SE gas, Limited (gas and hybrid), and Platinum models have a blind spot monitor with rear cross traffic alert. We found this system to be quite helpful when trying to back out of a shopping center driveway or our home driveway onto the street.
The speed-sensitive rack-and-pinion electric power steering allows precise and predictive control of the RAV4. The suspension provided great handling on some curvy roads we encountered on our trip.
Safety features also include electronic stability control with traction control, electronic brake-force distribution with brake assist, and Toyota’s Smart Stop technology.
We had three people in the RAV for most of our trip, but added a couple more for some sightseeing and restaurant runs. There’s plenty of room for four adults, and enough for five if you’re not going a long way.
Behind the rear seat there is 38.4 cubic feet of cargo space, which can expand to 73.4 cubic feet with the rear seatback folded. The gasoline RAV4 has about three more cubic feet of cargo space than the hybrid (35.6 cubic feet), as the hybrid’s battery pack uses part of the cargo area behind the rear seat.
The rear seatbacks can recline a few degrees for extra passenger comfort. Rear privacy glass is standard on all models.
The automotive columns of G. Chambers Williams III have appeared regularly in the Star-Telegram since 1994. Contact him at firstname.lastname@example.org or on Twitter @gchambers3.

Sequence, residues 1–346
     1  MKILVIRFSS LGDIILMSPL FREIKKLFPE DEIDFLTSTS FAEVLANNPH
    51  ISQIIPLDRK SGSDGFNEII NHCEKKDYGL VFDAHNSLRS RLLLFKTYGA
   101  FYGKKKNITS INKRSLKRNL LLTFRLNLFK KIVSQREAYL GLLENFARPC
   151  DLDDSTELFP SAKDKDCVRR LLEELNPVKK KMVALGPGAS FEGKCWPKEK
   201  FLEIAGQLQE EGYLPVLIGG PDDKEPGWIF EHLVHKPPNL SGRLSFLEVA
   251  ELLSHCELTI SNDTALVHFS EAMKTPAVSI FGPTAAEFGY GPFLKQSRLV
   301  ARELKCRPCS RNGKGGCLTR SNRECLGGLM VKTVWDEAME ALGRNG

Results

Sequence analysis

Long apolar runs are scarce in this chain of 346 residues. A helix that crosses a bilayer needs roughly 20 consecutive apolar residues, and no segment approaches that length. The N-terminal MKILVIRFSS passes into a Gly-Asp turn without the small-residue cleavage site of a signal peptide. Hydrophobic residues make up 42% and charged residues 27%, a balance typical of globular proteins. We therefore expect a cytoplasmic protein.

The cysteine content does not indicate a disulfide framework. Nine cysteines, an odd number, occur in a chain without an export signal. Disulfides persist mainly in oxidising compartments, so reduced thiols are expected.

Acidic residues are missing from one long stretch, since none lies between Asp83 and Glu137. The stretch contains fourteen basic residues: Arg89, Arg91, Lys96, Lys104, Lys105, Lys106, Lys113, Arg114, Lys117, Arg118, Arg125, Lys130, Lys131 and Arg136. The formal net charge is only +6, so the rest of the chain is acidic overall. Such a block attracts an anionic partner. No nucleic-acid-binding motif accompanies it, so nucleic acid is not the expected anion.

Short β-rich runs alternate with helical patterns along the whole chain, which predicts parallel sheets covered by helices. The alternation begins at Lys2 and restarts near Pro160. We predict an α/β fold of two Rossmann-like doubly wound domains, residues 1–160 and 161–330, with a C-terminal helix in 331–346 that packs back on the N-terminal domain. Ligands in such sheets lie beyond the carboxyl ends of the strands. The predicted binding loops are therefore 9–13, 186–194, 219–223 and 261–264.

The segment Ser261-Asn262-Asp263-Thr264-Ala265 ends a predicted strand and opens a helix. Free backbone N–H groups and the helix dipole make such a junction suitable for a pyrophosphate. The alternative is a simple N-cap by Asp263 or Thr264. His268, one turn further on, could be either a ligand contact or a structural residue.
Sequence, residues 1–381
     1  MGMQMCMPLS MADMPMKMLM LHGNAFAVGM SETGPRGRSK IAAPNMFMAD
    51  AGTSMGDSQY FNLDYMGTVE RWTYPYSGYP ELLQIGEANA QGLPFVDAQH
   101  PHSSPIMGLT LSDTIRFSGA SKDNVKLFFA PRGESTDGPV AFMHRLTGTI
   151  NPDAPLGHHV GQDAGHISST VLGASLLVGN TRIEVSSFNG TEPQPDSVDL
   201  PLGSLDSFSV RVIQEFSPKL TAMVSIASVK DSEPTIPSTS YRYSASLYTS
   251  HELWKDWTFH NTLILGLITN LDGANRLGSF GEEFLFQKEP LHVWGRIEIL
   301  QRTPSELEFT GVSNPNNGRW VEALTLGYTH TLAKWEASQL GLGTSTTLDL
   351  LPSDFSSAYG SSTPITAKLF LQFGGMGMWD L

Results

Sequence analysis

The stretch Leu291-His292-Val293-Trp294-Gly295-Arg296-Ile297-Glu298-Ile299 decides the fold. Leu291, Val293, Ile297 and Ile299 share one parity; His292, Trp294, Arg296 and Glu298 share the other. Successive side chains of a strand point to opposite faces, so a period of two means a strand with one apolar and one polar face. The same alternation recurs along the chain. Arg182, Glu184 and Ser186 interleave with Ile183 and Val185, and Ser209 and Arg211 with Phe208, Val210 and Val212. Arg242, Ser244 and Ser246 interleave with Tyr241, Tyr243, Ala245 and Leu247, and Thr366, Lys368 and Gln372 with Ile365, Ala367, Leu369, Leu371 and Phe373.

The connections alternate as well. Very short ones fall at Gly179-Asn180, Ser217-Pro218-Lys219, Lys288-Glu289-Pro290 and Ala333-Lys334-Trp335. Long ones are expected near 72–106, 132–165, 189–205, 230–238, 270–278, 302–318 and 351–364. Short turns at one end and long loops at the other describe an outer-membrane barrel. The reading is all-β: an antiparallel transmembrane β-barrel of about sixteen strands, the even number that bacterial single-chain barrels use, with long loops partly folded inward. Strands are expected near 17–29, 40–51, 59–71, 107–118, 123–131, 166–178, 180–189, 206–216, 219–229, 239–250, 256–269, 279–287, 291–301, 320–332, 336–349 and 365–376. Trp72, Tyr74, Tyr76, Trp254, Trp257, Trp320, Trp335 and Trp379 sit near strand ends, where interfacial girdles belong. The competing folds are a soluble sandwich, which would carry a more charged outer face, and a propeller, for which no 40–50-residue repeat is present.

2017 Toyota RAV4
The package: Compact, all-wheel-drive, four-door, five-passenger, gasoline only or gasoline/electric hybrid crossover utility vehicle.
Highlights: Restyled and upgraded for 2016, the RAV4 also now has its first hybrid version. For 2017, a new high-end gasoline trim, the Platinum model, was added to the lineup.
Negatives: No V-6 engine offered for extra power. Hybrid system available only in higher-priced trim levels.
Overall length: 183.5 inches (gasoline); 181.1 inches (hybrid).
Curb weight range: 3,455-3,630 pounds (gasoline); 3,925-3,950 pounds (hybrid).
Engine/motor: 2.5-liter inline four-cylinder (gasoline models); 2.5-liter Atkinson cycle inline four-cylinder gasoline engine, plus front and rear electric drive motors (hybrid).
Transmission: Six-speed automatic (gasoline); continuously variable automatic (hybrid).
Power/torque: 176 HP./172 foot-pounds (gasoline); 150 HP./152 foot-pounds (gasoline engine alone, hybrid), total combined 194 HP., gasoline engine plus electric motors (hybrid).
Brakes, front/rear: Disc/disc, antilock.
Cargo volume: 38.4 cubic feet (behind rear seat; 35.6 for hybrid); 73.4 cubic feet cubic feet (rear seat folded; 70.3 for hybrid).
Towing capacity: 1,500 pounds.
Electronic stability control: Standard.
Side air bags: Front seat-mounted, both rows side-curtain.
EPA fuel economy: 23 mpg city/29 highway/25 combined (2WD, gasoline); 22/28/24 combined (AWD Platinum); 34/31/33 (hybrid).
Fuel capacity/type: 15.9 gallons (14.8 hybrid)/unleaded regular.
Base price range: $24,410-$36,150, plus $995 freight (gasoline models); $29,030-$32,185 (hybrid).
Price as tested: $38,025, including freight and options (Platinum AWD).
On the Road rating: 9.2 (of a possible 10).
Prices shown are manufacturer’s suggested retail; actual selling price may vary.